The Buddhist Precepts are forms of conduct in harmony with universally held positive and cherished human attributes.
The scandalous actions of many teachers and practitioners with thousands of hours logged over decades sitting on a meditation cushion is more than enough proof. However, many of these transgressions have been swept under their sitting mats, and the public is left none the wiser while being presented with the ever-glowing carrot of name-brand enlightenment.
These centres are so “left wing” they are incapable of using Right Mind.
I can attest to this through direct personal experience.
The Rochester and Toronto Zen Centers are unrepentant prime examples of this sanctioned delusion.
And left in their wake are countless ex-practitioners who once believed there was a Way Beyond Affliction.
However, this narrative is dimming with the passage of time and the illumination of political and historic truths.
And so, they become useful idiots ushering murderous Communism with a declared supreme leader (Lenin, Stalin, Mao, Their Roshi) while everyone else is “equal” locking our mental and physical state into their meat freezer under the guise of Universal Buddhist Compassion.
The Eight-Fold Path is The Path of Zen.
It is continual entering and re-entering what is Right.
Well, “What is Right?” we might ask. “Is it a thing determined by God…a Commandment?”
It is determined by our ever-changing living circumstances relative to the heart-felt calling of our True Nature beyond affliction.
This is called Realizing Buddha Mind.
This Realization has no beginning or end. It is beyond time and space.
Because it has no beginning or end arising from a heart-felt will to transcend the condition we are born into, it must be practiced.
Thus, Zen must be practiced, and is itself not a thing attained but a Path of Practice.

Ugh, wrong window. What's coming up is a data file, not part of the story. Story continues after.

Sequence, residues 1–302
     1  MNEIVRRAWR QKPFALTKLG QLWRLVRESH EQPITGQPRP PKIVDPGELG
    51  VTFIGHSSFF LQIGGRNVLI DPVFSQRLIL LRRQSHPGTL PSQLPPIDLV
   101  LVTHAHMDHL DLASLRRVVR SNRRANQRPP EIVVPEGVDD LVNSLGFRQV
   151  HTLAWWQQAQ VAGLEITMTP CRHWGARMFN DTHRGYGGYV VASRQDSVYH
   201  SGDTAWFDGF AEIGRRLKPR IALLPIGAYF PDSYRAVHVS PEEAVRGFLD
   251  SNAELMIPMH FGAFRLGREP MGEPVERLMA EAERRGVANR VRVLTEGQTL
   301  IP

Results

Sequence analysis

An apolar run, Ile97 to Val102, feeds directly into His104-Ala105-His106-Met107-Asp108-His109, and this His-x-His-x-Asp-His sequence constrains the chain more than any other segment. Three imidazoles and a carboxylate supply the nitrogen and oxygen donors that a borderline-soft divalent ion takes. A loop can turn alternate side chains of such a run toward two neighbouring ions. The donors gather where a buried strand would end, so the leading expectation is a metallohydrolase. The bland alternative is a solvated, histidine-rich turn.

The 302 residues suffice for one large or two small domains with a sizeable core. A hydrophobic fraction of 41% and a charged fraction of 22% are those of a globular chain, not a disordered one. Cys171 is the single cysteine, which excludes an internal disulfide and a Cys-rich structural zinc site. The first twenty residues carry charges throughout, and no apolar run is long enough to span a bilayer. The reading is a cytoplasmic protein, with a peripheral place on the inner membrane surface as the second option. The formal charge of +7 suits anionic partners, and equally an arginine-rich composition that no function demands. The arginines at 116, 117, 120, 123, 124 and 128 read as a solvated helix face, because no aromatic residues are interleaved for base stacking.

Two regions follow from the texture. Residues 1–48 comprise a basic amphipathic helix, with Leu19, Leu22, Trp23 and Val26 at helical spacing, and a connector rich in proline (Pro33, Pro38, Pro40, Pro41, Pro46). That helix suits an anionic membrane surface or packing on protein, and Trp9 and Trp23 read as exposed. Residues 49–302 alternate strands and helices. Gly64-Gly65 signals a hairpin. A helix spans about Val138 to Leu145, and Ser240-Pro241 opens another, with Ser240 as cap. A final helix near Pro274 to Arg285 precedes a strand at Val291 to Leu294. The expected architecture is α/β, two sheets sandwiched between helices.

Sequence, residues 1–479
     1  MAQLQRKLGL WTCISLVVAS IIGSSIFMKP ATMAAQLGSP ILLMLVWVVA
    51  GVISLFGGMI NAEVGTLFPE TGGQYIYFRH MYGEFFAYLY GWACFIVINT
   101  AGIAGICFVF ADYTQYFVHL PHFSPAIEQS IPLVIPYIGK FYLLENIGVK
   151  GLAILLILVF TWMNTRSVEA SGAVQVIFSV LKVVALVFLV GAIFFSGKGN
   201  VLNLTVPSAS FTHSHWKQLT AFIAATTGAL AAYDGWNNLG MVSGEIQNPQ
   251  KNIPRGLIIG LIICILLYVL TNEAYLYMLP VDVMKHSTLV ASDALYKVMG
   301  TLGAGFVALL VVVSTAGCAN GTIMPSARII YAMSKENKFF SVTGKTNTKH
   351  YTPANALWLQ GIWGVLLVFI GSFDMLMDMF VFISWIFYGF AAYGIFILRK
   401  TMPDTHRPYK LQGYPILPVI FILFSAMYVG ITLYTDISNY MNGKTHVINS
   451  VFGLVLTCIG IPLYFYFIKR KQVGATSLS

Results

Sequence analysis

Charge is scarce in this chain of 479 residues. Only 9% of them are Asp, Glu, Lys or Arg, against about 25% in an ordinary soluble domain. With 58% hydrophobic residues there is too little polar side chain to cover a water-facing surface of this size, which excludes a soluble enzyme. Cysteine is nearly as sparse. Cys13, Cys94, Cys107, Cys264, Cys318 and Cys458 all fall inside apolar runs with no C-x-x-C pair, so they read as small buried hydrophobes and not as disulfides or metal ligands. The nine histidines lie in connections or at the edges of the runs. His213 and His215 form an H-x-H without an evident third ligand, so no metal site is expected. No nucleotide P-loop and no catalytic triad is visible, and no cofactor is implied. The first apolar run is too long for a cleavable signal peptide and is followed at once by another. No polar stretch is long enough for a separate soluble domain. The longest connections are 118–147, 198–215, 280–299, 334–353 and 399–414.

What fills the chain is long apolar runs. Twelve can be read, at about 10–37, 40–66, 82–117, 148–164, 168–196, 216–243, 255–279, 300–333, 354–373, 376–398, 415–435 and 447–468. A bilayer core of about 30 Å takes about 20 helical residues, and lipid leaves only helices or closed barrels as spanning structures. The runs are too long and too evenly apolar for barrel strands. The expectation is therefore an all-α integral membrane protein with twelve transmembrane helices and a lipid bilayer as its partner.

It is no different than riding a motorcycle.
We are on a path called a highway with innumerable events happening along the timeline we ride. Nothing is certain, but quantum in nature. Lose concentration, and life becomes painful and/or discontinuous as we end up with road rash or wearing a tree.
The same holds true when at the key and pedal boards of an organ. If you want to have a death experience, lose your concentration while playing a Bach fugue. Life will never be the same if you wipe out.
The sword edge Fusion with the ever-unfolding event horizon of the highway, or the fugue you are hopefully mastering, makes this ongoing practice look like a performance art to the casual observer. And, superficial people are aware of casual observers as being a source of income. Those harbouring such views are themselves casual observers atop a sport bike, or at the keyboard. Thus, whatever they do is a performance rather than fusion.
They become “Rock Stars”.
So, they leave the heart of motorcycle riding and organ performance and make it a spectacle of self edifying grandeur by popping wheelies to impress the bikini-clad, or whatever dazzles church denizens.
The same applies even more to what is supposed to be the Heart of Transcendence called “Zen Practice”.
It becomes a performance art complete with special costumes, minimalist haircuts, practiced gestures, bell ringing, and, of course, recited phrases that were, until performed by a rock star performer, great wisdom.
Speaking for myself, I always keep practicing while on the road, or faced with organ or clavichord keyboards.
Because the consequences of failing due to sloppy neglect of practice, “Scares The Living Shit Out Of Me!”
Same holds when I sit on a meditation cushion.
Now, all this said, the performance crowd following the rock star of their choice will attack with, “Zen is beyond words and letters. All of this writing you do is just words and letters!”